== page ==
Horse Riding Evaluation and Improvement

Horse Training, Horse Care, and Riding Books and Videos from Cherry Hill at
from Cherry Hill

Becoming An Effective Rider
How To Think Like A Horse
Your Horse Barn DVD
How to Think Like A Horse by Cherry Hill

Home | BooksArticles | Shopping | View Cart | Contact | Site Map | Search



Back in the Saddle Part Two: Improvement

Companion Sports
    2006 Cherry Hill

So that you can keep in shape year round, even during the non-riding season, continue walking, stretching exercises and strength training. In addition, try to find other activities that will keep you ready to ride. Companion sports will help you minimize weight gain, prevent muscle atrophy, and reduce chance of injury when you do return to active riding. Even if you ride all year, it is a good idea to participate in other sports or activities to make you a well-rounded person mentally and physically.

Brisk walking and bicycling provide great cardiopulmonary benefits and fine-tune your rhythm and equilibrium. Cross-country skiing is a wonderful off-season sport to keep your muscles and cardiopulmonary system in shape. The characteristic crouch of the skier uses many of the same muscles as riding does, and the aerobic exercise is unequaled in winter sports.

Indoor cross-training can include various types of dancing. Ballet improves flexibility and the ability to execute patterned movements. Ballroom or country and western dancing can improve your coordination and the ability to perform sequenced movements. Fencing utilizes some of the same leg muscles as riding and can improve your reaction time as well as developing a sense of poise in your body carriage. Gymnastics can improve balance, strength, poise, and focus.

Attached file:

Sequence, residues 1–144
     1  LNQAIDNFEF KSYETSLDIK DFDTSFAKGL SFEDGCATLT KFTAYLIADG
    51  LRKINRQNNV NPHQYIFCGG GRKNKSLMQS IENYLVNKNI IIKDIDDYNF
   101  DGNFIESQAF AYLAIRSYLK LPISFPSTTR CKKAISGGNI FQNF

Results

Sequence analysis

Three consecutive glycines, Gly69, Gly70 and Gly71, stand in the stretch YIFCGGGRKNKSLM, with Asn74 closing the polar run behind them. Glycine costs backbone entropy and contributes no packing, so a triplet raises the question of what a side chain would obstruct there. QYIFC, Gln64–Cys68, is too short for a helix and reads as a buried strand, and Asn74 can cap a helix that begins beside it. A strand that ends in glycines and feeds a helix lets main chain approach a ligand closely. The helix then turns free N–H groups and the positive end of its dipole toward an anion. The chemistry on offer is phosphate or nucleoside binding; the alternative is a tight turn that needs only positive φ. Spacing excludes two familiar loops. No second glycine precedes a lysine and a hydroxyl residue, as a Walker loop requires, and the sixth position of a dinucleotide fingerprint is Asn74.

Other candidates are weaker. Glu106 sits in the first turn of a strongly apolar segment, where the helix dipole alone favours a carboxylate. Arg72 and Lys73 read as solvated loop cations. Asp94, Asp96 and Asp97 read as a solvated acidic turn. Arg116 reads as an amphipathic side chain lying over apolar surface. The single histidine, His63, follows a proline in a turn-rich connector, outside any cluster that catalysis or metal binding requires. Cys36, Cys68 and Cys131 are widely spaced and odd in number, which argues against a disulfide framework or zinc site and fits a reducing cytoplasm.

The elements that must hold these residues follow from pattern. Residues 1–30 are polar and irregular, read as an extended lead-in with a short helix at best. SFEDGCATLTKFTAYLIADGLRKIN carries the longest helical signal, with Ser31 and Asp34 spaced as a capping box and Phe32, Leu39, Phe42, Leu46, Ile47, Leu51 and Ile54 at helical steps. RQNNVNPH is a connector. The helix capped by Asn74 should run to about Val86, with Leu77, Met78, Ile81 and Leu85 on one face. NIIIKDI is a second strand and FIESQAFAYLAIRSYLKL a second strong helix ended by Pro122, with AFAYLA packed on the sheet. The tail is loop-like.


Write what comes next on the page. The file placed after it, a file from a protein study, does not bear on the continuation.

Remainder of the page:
East Meets West

Tai Chi is an ancient Chinese system of relaxed concentration that focuses the mind, balances the body and enhances energy. It is practiced through a series of hand and body movements with a great emphasis on breathing. Tai Chi can help a rider gain body awareness and coordination and when it comes time to sit on a horse, many riders have found that Tai Chi helps them to be a more balanced and perceptive rider.

Read these other articles in the Back In The Saddle series:

Part One: Evaluation

Part Two: Improvement




Home | BooksArticles | Shopping | View Cart | Contact | Site Map | Search

  2008 Cherry Hill   Copyright Information

The information contained on this site is provided for general informational and educational purposes only.
The suggestions and guidelines should not be used as the sole answer for a visitor's specific needs.